January 26, 2006
The missing middle
By Bill Kraus
The campaign strategies that guys like Ody Fish and John MacIver designed or honed in the last half of the 20th century were built on three major premises.
Identify your sure votes and organize a three yards and a cloud of dust effort to make sure those voters get to the polls.
Identify the groups or factions that are certain to vote against you, and diminish their incentive to go to the polls. “Don’t stir up the animals,” was the way MacIver put it when referring to these segments.
Devote the main persuasive effort to the swing voters, the self-anointed “independents,” the middle-of-the-road voters who were not identified with any knee jerk ethnic group or committed or beholden to narrow interest.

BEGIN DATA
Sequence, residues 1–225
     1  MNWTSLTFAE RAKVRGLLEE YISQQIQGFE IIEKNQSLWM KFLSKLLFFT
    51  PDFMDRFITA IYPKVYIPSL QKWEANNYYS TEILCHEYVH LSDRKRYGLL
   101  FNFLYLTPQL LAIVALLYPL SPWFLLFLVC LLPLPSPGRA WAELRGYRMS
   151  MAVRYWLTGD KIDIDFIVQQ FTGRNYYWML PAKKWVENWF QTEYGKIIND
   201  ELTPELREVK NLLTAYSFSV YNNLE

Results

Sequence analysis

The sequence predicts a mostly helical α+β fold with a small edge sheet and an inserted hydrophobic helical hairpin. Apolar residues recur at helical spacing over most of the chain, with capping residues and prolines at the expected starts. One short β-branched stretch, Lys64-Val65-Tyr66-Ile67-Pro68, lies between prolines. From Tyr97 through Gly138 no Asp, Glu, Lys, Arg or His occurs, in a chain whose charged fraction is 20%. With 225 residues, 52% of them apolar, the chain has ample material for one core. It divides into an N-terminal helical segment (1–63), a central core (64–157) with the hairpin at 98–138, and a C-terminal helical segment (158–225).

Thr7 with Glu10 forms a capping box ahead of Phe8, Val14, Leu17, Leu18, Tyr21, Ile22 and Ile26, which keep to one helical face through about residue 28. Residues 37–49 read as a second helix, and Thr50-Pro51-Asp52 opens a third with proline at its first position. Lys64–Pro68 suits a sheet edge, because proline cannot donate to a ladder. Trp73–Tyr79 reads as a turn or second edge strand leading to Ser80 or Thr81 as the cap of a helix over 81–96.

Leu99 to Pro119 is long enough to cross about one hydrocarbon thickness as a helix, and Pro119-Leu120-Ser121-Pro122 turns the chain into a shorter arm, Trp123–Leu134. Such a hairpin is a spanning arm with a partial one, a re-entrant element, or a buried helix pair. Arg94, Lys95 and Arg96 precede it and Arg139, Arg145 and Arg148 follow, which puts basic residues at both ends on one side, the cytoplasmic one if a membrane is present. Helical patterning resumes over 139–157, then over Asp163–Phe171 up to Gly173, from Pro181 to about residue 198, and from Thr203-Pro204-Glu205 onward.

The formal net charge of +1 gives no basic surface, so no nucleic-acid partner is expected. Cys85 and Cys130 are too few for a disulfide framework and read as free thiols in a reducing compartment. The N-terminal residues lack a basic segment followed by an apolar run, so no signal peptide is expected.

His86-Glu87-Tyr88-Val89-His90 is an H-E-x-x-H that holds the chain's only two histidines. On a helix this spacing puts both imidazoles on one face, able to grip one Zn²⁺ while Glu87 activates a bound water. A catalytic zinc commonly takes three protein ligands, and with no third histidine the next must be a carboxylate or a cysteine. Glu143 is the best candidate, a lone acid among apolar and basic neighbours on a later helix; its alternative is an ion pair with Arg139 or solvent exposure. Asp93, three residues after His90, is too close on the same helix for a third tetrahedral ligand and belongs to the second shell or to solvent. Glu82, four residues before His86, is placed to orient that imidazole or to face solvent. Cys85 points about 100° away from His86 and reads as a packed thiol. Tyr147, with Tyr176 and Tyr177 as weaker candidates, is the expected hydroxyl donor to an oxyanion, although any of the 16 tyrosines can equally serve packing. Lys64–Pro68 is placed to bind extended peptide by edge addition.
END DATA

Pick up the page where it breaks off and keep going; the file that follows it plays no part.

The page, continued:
By the end of the century this strategy had been modified by something called wedging. The wedge strategy was built on the assumption that a majority of the people most likely to vote were identifiable by their attachment to an issue or a cause.
The Republicans who practiced wedging figured if they could cobble together the shooters, the right to lifers, and the taxophobic in an era of low voting turnouts, they could win any election.
They didn’t need the amorphous middlers whose main interest was the less well defined general interest anymore. Political campaigns were increasingly pitched to the zealots on both ends of the political spectrum.
Partisanship rose. Bi-partisan coalitions disappeared. Civility waned. Advantage rose in importance. Mutual respect diminished. Parties no longer had the better ideas; they had the only ideas.
Those sure voters, who were basically marginalized in the past, because they had no place to go, became the main event.
The middle disappeared.
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